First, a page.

6. A machine for placing surface mounted electronic components on a printed circuit board according to claim 1, wherein the light directed at said fluorescing surface means by said second light source means has a wavelength substantially different from the fluorescing surface that is absorbed by said surface means without causing fluorescing to take place.
The present invention relates to machines for placing surface mount electronic components (SMD) on printed circuit boards and more particularly to stations on such machines for verifying the presence of the leads or contacts (geometric features) on each component.
With machine-vision inspection the most important factor is to present the inspection scene to the vision sensor in such a way as to highlight its most important features. The vision sensor "sees" by measuring varying intensities of light waves reflected from the object in the field of view. These intensities will vary depending on the part composition and geometry effecting the levels of specular and/or diffused reflection returning to the sensor.
Front lighting will highlight a SMD leaded component's metalized leads through a combination of specular and diffused reflection. Depending on the surface texture of the lead there can be varying intensities reflected back to the sensor on a part-to-part/lead-to-lead basis. Most of this light energy will be specular in nature which can cause blooming in the sensor on some leads. This blooming (saturating pixel elements) can cause system measurement errors.
Back lighting the same leaded components would present a silhouette of the part to the sensor. If the back lighting is uniform and diffuse in nature, the transition from the background to edge of the lead will be well defined and consistent from part to part. Some components, however (i.e., non-leaded and J-lead) require front lighting to highlight their features for optimum inspection.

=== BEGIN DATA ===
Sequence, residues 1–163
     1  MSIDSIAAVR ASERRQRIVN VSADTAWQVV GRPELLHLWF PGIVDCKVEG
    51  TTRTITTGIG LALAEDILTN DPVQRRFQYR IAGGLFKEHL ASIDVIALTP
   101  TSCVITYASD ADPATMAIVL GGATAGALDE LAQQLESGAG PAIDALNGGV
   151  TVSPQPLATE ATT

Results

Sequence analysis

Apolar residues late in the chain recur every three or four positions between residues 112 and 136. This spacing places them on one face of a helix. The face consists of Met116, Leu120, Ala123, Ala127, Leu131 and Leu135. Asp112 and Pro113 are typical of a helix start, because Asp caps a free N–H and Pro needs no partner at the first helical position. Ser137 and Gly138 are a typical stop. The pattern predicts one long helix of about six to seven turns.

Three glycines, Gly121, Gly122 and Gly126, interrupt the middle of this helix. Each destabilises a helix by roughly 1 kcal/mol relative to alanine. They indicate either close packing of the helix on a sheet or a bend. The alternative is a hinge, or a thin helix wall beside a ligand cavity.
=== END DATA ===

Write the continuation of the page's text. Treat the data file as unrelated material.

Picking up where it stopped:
Ideally, then, both schemes are necessary for the flexibility required to inspect a large variety of components.
It is accordingly an object of the present invention to provide an inspection system which can either back light or front light a component to be inspected.
Other objects and advantages of the present invention will become apparent from the following portion of this specification and from the accompanying drawing which illustrates in accordance with the mandate of the patent statutes a presently preferred embodiment incorporating the principles of the invention.
Referring to the drawing:
The sole figure is a perspective view of a portion of a surface mount machine made in accordance with the teachings of the present invention.
The surface mount machine includes a pickup tool head including a housing 10 having an outer pickup tool 11 which is vertically displaceable to engage and pick up a component 12 from a feeder (not shown) and to deposit that component on a printed circuit board (not shown). The pickup tool head also includes an inner tool 13. A disc shaped light emitter/ reflector/absorber 14 may be located between the tool 11 and the pickup tool housing 10. The component is held on the tools 11 or 13 by suction. The tool spindle is also displaceable rotationally so that the picked up component can be located at a precise orientation.